Greetings all, yes the Voice of the Youth column has returned! Amidst my graduation from Coppin State University, Celebrating Christmas, and the New Year, I am back. This year, I promise to make more of an impact and be a voice for the LGB&T youth everywhere, but enough about that subject and me.

In this edition of the Voice of the Youth I want to touch on a subject. Remember when you were young? No, really, I’m asking you remember when you were in middle school and how good and/or bad life seemed for you? The reason I’m bringing this up is that I recently started working at a job where I work with kids who are in the sixth through ninth grade and working around these kids, I’ve learned a lot from them. More than I probably learned in any classroom in college. Watching these kids, I remembered how I felt as an eighth grader. I felt out of place and at times weird. I felt like I had all the energy in the world and thought that I could run the world better than any man in power could. I remember wanting to be popular and liked by my peers.

As adults, many of us forget where we come from. My mother always enforced in my sister and me that “Those who forget their past are doomed to repeat it.” Many of us remember when we were at that age and we started to realize that we were attracted to the same sex, and how when and if our peers did find out how we would then be ridiculed them and told that we were going to hell. How many of us suffered beating after beating from our peers and told that we were freaks and that we should all kill ourselves and we wished that someone was there in our corner telling us “It gets better.” Often times, I think that we in the community over shadow the youth and don’t advocate enough for them. This is why they are working in Baltimore to make sure that places like “The Den” come from thought and into existence, so that the youth we serve can have a place to be themselves and be happy and to know that it gets better for them.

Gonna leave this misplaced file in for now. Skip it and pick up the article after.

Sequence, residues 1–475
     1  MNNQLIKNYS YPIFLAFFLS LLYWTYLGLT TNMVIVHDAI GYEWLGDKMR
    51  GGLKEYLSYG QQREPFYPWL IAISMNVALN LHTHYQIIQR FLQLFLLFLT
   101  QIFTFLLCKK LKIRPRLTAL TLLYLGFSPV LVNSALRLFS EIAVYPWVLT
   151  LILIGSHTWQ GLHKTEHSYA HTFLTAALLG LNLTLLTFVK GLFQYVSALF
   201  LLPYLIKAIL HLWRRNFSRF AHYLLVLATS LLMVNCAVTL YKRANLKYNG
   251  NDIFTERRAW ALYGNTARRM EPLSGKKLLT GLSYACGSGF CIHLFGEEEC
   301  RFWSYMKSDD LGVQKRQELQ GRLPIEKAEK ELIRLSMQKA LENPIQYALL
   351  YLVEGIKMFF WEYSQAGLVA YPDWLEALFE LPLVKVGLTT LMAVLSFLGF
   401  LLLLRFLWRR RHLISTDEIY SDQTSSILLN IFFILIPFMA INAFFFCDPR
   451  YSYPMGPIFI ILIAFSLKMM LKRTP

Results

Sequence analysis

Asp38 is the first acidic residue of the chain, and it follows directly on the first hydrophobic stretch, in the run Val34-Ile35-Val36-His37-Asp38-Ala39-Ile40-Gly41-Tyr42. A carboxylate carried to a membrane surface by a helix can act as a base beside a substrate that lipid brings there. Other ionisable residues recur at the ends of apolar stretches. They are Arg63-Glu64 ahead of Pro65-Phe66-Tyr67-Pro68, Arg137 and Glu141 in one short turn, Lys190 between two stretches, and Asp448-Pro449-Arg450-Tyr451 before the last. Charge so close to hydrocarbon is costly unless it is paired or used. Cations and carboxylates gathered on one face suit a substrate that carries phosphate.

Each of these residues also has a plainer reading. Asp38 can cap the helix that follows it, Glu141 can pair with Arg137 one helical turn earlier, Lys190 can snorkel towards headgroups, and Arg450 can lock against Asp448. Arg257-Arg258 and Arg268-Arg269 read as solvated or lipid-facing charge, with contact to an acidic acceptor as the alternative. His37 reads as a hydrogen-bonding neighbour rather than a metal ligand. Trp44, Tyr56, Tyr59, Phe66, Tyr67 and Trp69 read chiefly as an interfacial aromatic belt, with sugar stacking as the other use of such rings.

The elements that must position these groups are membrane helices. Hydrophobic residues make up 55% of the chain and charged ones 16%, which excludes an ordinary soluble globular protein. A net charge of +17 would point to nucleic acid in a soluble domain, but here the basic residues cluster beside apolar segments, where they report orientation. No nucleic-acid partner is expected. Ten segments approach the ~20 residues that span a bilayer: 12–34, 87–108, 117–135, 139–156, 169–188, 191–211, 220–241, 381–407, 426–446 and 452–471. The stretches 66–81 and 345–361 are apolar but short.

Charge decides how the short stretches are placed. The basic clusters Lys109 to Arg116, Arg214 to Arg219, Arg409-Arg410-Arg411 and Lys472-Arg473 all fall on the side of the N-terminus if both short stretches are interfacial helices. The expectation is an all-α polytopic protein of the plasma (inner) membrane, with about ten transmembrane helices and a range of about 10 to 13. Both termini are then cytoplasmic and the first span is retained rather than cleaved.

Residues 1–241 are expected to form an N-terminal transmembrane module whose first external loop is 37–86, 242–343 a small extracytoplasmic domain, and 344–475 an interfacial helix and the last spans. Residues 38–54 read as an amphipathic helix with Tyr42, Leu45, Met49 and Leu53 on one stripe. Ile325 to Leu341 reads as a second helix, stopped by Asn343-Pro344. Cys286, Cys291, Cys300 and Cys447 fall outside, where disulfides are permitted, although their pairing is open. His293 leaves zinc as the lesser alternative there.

Adults need to remember who we were when we were young and to remember at times to bring out their inner child. If you don’t bring out your inner child they may died, and you may lose touch with yourself. Sit back now and think about it. Do you remember when you were young?

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Rev. Dr. Rob Apgar-Taylor